Do you know the do’s and don’ts of wreck diving? Better yet do you know that you could get in serious trouble if you DON’T know the rules? We’re breaking it down for you, because we’ve got your back when it comes to diving.
By Joel Silverstein:
Video Credit: Courtesy Capt. Billy Deans
***NOTE:*** This video was recorded over 20 years ago.
The Witches Brew – Trimix and Nitrox Gas Mixtures
So you’re planning on going diving this weekend and need to get your cylinders filled with nitrox. Imagine that you have a choice of getting that mix from one of only six dive centers in the United States. You can go to Long Island, New York; Gloucester City, New Jersey; Key Largo or Key West, Florida; Santa Cruz, California; or Bellingham, Washington to get those tanks filled. That’s right, back in the early days of technical diving we had a choice of six dive centers in the US that would fill our tanks with oxygen enriched air. If you were an active nitrox diver, the ability to obtain breathing gas was very limited. Getting gas required logistics far beyond that of driving to the local dive shop. Yet, that did not stop people from getting the coveted breathing gas. If you were near these dive centers, it was easy. If not, creativity crept in.
Tell any diver they cannot have something and soon they will make it themselves. It did not take long for divers to start mixing gas in their garages. Dive shop owners were strongly against this practice, and the industry frowned upon it just as loudly. Yet divers were mixing gas at home more than most could have imagined. Some divers were very successful at home brewing, but others were sloppy and dangerous. Most anyone with simple math skills could calculate proper proportions of oxygen and air to make a nitrox mixture. However, mixing nitrox gas was more complex than transfilling some oxygen and topping it up with air. It required oxygen, hoses, fittings, gauges, flow meters, an oxygen analyzer, and an air compressor. In addition, it took an understanding of cleaning for oxygen-service, gas system design, heat exchange, and the dangers of adiabatic compression. Most people could put the first parts together, but it was the oxygen compatible air and oxygen cleanliness that were the missing links for many. Some divers would fill their scuba cylinders at home with a specific amount of oxygen and then have them topped off with air at the local dive shop. On the surface, this seemed a logical solution, but it violated every rule of gas mixing, and it put many people at undue risk. In some situations, it resulted in serious accidents. If they were cutting corners in one part of this process, what else was not as good as required?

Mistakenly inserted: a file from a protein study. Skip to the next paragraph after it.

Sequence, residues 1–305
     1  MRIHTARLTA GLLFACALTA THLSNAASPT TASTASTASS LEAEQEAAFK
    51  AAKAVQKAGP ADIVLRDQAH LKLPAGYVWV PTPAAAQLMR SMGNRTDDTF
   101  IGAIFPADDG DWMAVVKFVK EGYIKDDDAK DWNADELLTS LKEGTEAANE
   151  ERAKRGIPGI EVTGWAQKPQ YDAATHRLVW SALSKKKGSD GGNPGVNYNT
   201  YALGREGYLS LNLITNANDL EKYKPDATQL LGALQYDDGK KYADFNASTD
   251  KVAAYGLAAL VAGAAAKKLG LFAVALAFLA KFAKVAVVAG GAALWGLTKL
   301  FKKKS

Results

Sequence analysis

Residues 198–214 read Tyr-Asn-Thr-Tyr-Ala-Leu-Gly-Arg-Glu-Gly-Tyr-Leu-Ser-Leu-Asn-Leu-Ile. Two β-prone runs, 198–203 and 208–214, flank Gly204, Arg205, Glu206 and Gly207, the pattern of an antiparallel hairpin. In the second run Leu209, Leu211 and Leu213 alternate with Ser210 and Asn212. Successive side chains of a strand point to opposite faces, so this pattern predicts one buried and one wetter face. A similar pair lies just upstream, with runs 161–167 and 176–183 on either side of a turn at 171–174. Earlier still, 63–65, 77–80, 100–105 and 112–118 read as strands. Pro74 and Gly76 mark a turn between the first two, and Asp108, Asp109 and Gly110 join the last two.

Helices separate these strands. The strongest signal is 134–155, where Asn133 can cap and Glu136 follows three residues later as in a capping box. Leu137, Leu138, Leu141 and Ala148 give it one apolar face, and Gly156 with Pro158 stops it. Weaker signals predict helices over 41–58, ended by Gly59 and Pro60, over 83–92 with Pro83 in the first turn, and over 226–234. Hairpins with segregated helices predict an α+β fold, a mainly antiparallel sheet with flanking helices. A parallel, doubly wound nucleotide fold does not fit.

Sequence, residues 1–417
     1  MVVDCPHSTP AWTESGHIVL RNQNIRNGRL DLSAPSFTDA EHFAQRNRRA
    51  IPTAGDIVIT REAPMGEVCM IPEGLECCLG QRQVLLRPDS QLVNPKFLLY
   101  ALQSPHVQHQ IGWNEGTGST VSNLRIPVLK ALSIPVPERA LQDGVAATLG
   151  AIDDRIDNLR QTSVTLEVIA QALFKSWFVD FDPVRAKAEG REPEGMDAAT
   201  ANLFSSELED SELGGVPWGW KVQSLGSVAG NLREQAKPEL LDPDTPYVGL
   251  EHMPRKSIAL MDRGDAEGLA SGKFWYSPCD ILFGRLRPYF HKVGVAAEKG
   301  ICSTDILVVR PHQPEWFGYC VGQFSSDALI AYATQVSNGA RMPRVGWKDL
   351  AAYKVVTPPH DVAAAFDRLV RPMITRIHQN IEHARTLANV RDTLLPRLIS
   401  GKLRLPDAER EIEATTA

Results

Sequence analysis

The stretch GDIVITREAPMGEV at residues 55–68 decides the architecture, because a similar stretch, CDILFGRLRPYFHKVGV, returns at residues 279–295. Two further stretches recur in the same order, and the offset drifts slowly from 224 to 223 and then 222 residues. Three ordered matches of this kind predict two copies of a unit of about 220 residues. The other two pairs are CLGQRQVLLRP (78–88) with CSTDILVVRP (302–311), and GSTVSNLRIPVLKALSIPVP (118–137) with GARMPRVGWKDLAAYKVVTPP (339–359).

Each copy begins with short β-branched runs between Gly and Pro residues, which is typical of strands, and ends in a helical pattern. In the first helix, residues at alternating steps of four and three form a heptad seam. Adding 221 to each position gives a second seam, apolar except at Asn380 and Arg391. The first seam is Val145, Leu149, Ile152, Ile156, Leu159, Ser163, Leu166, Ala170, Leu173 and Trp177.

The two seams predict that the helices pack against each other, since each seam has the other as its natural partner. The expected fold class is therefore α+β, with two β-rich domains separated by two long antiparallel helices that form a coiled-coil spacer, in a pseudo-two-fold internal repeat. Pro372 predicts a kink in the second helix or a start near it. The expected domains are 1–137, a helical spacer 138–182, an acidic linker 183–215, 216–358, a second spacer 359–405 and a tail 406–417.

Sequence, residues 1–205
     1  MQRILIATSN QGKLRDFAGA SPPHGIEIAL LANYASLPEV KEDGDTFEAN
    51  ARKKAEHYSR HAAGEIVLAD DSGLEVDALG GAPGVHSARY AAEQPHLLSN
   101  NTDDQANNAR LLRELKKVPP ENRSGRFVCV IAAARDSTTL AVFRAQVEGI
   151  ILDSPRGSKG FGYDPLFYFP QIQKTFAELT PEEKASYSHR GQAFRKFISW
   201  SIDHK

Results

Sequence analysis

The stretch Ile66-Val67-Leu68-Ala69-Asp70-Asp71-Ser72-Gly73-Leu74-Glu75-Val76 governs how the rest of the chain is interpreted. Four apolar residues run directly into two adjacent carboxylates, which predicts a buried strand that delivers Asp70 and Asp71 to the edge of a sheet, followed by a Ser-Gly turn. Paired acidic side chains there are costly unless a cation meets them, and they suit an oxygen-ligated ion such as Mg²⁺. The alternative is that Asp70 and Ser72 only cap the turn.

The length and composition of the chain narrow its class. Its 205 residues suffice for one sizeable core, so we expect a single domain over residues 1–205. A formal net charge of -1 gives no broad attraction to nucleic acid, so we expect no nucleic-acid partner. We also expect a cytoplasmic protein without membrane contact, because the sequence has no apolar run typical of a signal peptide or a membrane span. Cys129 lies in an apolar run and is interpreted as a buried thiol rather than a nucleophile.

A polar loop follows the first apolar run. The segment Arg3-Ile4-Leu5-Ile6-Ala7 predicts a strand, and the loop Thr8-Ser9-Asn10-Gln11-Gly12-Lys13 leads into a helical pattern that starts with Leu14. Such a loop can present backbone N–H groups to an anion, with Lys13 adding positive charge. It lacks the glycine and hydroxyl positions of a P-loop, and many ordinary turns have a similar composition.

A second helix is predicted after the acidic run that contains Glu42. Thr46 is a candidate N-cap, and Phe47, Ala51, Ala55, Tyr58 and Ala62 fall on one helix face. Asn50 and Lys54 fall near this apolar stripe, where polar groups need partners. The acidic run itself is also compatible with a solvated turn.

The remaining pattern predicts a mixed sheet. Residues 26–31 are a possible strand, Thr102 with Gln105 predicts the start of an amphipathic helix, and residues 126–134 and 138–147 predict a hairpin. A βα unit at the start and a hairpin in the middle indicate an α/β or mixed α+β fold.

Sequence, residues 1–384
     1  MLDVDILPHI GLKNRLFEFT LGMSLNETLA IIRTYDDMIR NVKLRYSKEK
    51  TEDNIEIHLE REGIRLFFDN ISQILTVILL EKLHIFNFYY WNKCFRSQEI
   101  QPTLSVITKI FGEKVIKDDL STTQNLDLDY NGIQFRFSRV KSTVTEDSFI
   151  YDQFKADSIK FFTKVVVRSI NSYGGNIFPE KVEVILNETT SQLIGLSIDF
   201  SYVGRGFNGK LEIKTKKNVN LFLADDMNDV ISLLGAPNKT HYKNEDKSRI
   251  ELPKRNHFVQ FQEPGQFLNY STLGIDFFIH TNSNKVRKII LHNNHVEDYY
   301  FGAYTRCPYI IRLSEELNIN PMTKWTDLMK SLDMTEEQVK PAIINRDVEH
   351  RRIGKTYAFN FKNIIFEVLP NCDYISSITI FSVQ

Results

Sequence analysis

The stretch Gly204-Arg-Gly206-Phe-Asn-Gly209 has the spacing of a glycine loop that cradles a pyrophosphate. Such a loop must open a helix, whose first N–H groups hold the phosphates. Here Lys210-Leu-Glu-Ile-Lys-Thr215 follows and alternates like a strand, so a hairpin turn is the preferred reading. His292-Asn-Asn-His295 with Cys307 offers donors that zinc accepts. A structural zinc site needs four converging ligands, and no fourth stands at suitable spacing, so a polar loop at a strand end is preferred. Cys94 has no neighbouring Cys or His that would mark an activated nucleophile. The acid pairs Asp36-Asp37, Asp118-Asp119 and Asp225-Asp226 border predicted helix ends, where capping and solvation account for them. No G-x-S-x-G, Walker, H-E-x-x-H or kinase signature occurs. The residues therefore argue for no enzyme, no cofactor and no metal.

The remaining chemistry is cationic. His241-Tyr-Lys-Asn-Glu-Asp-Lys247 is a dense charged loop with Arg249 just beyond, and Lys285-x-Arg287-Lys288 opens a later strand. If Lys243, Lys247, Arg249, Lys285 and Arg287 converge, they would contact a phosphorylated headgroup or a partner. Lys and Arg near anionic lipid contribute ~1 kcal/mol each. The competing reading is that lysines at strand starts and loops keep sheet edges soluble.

For divers who wanted to do it right, they sought out training from experts like former NOAA Diving Officer, Dick Rutowski in Key Largo, Captain Billy Deans in Key West, or ANDI co-founder, Ed Betts on Long Island.. The courses offered were comprehensive and usually took two to four days to complete. For those who could not get to these rare training events, the early CompuServe internet forums were a major source for gas mixing discussions. In addition, divers would share information they garnered from the Navy and NOAA diving manuals, as well as from the commercial diving industry. Along with all the seriousness and challenges that were facing technical diving in the early days, deep diving pioneer, Capt. Billy Deans created a video that parodied decompression table creation, breathing gas analysis and gas mixing. It gives today’s divers and gas mixers an idea of what we were up against back in the early days of recreational mixed gas diving.
It was not until Technical Diving International introduced the first TDI Gas Blender Course and textbook written by Jan Neal, that gas-mixing methodology became readily available to divers worldwide. Neal’s materials legitimatized recreational gas mixing and formed the basis for what we do today in teaching divers about mixing gases for diving. The dive industry as a whole has benefited from the contributions of divers over the years to gas mixing.
Learning about mixing gas is much easier today than it was twenty years ago. A whole industry has emerged that has made the tools of the trade much easier to get; between training, gas analyzers, gas boosters, compact compressors, filtration systems and a host of other items. While divers are able to get gas mixes from most any dive center around the world, there are those who still like to mix on their own and the right stuff is easy to get. Like in most every industry, great ideas and techniques are the product of a few brave individuals who sought out knowledge and adventure, many times from the workbench in their garage.
Joel Silverstein is the author of three books on nitrox, a major contributor to the NOAA Diving Manual, and TDI Instructor Trainer # 125. Since 1989 he has mixed more than two million cubic feet of breathing gas. Contact: firstname.lastname@example.org